About the Computational Science and Engineering Book Series Cover

 

Cover images from left to right:


This image is one of a series of images that depict a complete end-to-end simulation run by the University of Utah's Center for the Simulation of Accidental Fires and Explosions (C-SAFE). Visualized is a sectional view of the rupturing of a steel container that is filled with a plastic bonded explosive and heated by a fire. The structural response of the container and the solid explosive is modeled using the Material Point Method (MPM). The fire and products of reaction of the explosive are modeled using a multi-material version of the Implicit Compressible Eulerian (ICE) CFD algorithm. This highly coupled multi- physics integrated simulation consists of three phases, all run by a single program. The first phase is the simulation of the fire, which runs for a period of time sufficient to compute a spatially resolved, time-averaged rate of heat transfer to the container.

Using this heat transfer rate, the simulation switches to the second phase (the heat-up phase). During the heat-up phase, the heat generated by the fire is absorbed by the container and transferred to the explosive. This phase of the simulation lasts on the order of tens of minutes. When the explosive temperature reaches approximately 450 degrees Kelvin, it begins to react, rapidly pressurizing the container. At this point, the simulation switches to the third phase (the explosion phase). The explosion phase lasts several milliseconds. The simulation terminates when fragments of the cylinder escape the computational domain. The final result of the simulation, as depicted here, was calculated using 146 hours of computation time on 600 processors utilizing both the ALC and Thunder computers at Lawrence Livermore National Laboratory. The data from 200 time steps of this simulation, including the 2.8 million particles per time step, was visualized interactively using the Real Time Ray Tracer (RTRT) on 60 processors of an SGI Origin 3800. The particles are colored based on temperature; particle size corresponds to particle mass.

Visualization created by the Scientific Computing and Imaging (SCI) Institute, University of Utah.


The image is an illustration of the intricate topology of a vortex breakdown bubble in a delta wing simulation. High-quality stream surfaces with adaptive resolution are shown in red and green, corresponding to the separation surfaces of two saddle points that determine the boundary of the bubble. This is demonstrated by an additional closed stream surface surrounding the vortex core and integrated from the tip of the wing that wraps the whole structure.

Visualization created by the Scientific Computing and Imaging (SCI) Institute, University of Utah.

 

This is a multi-field visualization of the Argon bubble dataset. Two scalar fields are visualized using volume rendering and the horizontal cut plane, as well as two vector fields visualized using stream tubes and arrow glyphs in the vertical cut plane. Dataset provided courtesy of J. Bell and V. Beckner, Center for Computational Sciences and Engineering, Lawrence Berkeley National Laboratory.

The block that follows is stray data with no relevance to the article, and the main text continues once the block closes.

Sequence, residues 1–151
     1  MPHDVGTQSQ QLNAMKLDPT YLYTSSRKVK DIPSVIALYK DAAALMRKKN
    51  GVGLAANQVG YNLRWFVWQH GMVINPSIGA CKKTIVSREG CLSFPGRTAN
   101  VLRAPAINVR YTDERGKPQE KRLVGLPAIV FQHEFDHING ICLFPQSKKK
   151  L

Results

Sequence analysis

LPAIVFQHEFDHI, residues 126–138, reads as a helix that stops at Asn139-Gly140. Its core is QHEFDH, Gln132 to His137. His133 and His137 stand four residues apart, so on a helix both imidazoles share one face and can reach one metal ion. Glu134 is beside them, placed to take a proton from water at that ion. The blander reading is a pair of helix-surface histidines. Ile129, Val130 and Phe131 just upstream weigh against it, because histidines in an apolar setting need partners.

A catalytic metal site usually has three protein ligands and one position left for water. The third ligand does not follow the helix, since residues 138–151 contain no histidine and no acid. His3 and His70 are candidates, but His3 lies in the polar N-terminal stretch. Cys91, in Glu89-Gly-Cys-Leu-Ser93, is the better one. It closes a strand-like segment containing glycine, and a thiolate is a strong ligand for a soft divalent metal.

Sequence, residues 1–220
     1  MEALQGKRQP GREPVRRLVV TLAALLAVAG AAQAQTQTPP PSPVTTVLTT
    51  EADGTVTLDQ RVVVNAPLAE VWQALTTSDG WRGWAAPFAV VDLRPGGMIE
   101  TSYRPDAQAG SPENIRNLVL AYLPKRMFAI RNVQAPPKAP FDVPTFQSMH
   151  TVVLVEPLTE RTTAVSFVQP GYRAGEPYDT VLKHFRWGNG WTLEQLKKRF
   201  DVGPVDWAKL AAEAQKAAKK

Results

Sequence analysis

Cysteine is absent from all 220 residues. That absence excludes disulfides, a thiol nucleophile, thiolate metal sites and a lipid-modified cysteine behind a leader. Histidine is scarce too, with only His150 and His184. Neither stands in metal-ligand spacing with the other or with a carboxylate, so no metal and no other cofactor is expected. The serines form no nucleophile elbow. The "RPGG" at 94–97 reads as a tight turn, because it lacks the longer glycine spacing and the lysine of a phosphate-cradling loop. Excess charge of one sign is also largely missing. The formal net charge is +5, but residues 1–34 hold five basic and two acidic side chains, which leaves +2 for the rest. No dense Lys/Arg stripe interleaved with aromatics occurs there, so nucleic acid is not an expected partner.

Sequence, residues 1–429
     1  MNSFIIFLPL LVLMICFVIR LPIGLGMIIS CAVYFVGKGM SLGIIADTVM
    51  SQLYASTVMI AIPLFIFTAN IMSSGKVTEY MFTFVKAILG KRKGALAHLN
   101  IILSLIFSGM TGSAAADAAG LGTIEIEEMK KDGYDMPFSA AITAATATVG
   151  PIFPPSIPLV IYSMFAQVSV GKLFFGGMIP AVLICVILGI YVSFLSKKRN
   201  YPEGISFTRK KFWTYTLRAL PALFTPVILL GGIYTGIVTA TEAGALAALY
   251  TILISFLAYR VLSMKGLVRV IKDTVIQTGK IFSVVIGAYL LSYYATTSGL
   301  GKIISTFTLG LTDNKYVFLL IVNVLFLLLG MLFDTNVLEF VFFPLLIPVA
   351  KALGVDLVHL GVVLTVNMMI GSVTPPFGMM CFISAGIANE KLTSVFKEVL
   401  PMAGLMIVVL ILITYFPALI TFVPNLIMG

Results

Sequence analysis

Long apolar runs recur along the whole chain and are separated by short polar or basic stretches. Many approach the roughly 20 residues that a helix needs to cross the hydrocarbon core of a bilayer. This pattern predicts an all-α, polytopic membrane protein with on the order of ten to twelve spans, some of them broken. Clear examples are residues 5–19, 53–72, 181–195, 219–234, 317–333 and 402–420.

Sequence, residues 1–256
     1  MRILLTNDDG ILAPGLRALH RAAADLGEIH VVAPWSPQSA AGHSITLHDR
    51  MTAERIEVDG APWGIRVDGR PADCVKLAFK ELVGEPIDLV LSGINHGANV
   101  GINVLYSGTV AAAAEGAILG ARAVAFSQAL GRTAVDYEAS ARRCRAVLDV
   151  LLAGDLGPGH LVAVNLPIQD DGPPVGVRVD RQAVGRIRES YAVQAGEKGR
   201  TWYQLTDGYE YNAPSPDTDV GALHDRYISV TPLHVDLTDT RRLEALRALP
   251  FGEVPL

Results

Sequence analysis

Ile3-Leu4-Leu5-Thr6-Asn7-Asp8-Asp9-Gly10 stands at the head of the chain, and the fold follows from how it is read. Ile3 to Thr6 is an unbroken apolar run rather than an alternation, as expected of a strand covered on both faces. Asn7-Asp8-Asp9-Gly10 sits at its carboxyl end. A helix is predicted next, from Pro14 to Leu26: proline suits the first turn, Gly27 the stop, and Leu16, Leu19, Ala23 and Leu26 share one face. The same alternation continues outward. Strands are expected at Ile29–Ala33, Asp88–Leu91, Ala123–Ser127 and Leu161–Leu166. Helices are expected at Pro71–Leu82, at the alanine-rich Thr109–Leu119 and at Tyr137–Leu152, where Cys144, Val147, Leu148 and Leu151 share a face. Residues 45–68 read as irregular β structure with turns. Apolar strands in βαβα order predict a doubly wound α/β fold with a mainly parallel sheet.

Visualization created by the Scientific Computing and Imaging (SCI) Institute, University of Utah.

 

This is a volume visualization from a weather simulation. The reverse image is used on the cover. The images were created from a condensed water field 1008 km x 1008 km x 300 km. The data is courtesy of David E. Stevens (LLNL), Andrew S. Ackerman (NASA AMES), and Christopher S. Bretherton (UW, Seattle), DOE-OSTI Report No. UCRL-JC-145931, “Effects of Domain Size and Numerical Resolution on the Simulation of Shallow Cumulus Convection.”

Visualization created by the Scientific Computing and Imaging (SCI) Institute, University of Utah.

 

The image is a snapshot of seismic wave intensity from a simulation of the 1994 Northridge earthquake in the Los Angeles Basin.

Researchers involved in creating the image: J. Bielak, D. O'Hallaron, L. Ramirez-Guzman, and T. Tu, Carnegie Mellon University; O. Ghattas, University of Texas at Austin; K. Ma and H. Yu, University of California, Davis.

 

The image is a visualization of areas of neural activation from an inverse magnetoencelphalography (MEG) source localization simulation. A cut-away of the patient's head is shown along with cutting planes of the MRI of the patient's brain showing the recovered areas of activation volume rendered in yellow. The blue triangles represent the locations of the MEG sensors.

Visualization created by the Scientific Computing and Imaging (SCI) Institute, University of Utah.

 



The image on the book’s spine is one in a series of images that show animations of two vortices merging. The colors show vorticity; red is high positive vorticity and blue is zero vorticity. If two vortices of the same sign are near each other, they will rotate around each other. Close vortices, like those shown, will merge into one.

The animations were produced by a pseudo-spectral model of the
quasi-geostrophic potential vorticity equation (QG). QG, first derived by Charney in 1948, is a reduced model for stratified, rotating flows which is often employed in atmospheric and ocean dynamics. QG has been successful in analytic models of Rossby waves, cyclogenesis, and ocean basin circulation, as well as fundamental numerical models. This model was used to study a "Slanted QG" regime, which is pertinent to low-latitude dynamics.

These images show 2D slices of the full 3D model. For a single 2D layer, QG is identical to the 2D vorticity equation.

A portion of the series of images also appears on the front of the Computational Science and Engineering book series brochure.

Visualization created by Mark R. Petersen, Los Alamos National Laboratory.

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